Nope, they got that way by making a better Debian release. Which then became a fork and they did their own thing, that then irritates people as it breaks some compatibility. But that has been the history of Debian. Someone makes a distro based on it, it starts out great, but because they get separate repositories, and try their hardest to keep in sync, but then eventually they can't keep the customizations up, and they die because it becomes too much effort for the developers.

Ubuntu has only survived this long because of Mark Shuttleworth having money.

It still isn't 'the' Linux distro, as there is no such thing. A lot of people don't even recommend it anymore. I now recommend Pop_OS! Or if they want to give me the time to set it up for them, I recommend Debian Stable.
tamodolo 28 Jun
Quoting: TheSHEEEP
Quoting: tamodoloFedora 36 is the first Linux release that actually solves input delay to be on pair with windows. They did this unintentionaly as it was an issue related to touchpads. I am extremely happy by this fix as FINALY FINALY Linux is starting to move forward instead of just doing sidesteps and go anywhere.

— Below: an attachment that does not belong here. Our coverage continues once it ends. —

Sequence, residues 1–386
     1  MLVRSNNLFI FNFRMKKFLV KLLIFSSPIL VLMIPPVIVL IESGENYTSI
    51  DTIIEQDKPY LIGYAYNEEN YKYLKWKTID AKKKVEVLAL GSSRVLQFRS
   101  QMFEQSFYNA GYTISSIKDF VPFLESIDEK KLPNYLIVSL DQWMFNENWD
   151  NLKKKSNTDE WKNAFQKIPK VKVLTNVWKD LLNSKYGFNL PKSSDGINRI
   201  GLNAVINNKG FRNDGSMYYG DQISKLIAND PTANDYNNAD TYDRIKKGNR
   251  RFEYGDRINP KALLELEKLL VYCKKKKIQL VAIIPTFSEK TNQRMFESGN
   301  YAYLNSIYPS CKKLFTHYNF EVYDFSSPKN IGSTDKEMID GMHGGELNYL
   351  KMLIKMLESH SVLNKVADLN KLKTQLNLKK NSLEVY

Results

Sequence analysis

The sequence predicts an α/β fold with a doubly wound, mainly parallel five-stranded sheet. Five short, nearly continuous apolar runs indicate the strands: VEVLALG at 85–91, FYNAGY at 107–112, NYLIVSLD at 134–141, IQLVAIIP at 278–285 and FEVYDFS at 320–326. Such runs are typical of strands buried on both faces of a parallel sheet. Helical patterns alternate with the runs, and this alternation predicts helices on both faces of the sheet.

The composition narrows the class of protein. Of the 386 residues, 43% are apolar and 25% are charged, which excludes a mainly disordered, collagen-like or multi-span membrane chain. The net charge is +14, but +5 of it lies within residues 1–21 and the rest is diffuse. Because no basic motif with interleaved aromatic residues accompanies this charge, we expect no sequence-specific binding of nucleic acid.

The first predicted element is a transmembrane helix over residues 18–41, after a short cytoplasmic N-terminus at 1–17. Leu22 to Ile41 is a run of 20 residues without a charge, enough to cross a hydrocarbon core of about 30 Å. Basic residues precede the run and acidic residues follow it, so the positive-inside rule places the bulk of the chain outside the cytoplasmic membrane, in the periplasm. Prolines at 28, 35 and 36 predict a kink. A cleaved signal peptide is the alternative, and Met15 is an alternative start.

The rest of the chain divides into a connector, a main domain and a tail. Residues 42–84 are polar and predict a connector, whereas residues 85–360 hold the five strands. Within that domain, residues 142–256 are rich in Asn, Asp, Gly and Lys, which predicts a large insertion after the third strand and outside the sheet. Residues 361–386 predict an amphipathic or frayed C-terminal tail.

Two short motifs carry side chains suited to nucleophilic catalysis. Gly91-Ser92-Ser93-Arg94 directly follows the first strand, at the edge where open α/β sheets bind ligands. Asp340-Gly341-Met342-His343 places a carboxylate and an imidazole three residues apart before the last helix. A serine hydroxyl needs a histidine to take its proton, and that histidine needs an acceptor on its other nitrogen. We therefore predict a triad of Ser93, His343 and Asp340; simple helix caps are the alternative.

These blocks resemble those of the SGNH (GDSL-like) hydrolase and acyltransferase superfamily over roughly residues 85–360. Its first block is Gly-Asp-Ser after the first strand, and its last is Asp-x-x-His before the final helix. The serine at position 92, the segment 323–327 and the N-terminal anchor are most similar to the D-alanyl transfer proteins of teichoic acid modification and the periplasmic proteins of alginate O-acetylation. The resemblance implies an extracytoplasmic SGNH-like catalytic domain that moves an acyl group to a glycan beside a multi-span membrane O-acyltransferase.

Sounds more like a bug to me that you had there.
I've been gaming on Linux since years, including very fast-paced games (FPS) on both Ubuntu- & Arch-based distros and I've yet to notice any input lag (excluding lag that is caused by the CPU being overburdened).

I'm very sensitive to inputlag because my main system to play games is windows and DS4 have very little inputlag on it. When testing it on any Linux de first thing evident is that DS4 isn't as responsive. Fedora 36 bring parity to that.

Also, everytime I post about this problem I receave a lot of comments that nobudy have this problem or it's a bug in my side. I see this as the big problem Linux have because it needs someone big to make average user complams to reach devs. Otherwise it'll be ignored... This "fix" was a side effect, but the merit is still there.
tamodolo 28 Jun
Quoting: fagnerln
Quoting: tamodoloFedora 36 is the first Linux release that actually solves input delay to be on pair with windows. They did this unintentionaly as it was an issue related to touchpads. I am extremely happy by this fix as FINALY FINALY Linux is starting to move forward instead of just doing sidesteps and go anywhere.

I'm following this release and didn't read anything about this, looks like gnome improved the way that it handles input to be on par to the FPS and not to the refresh rate.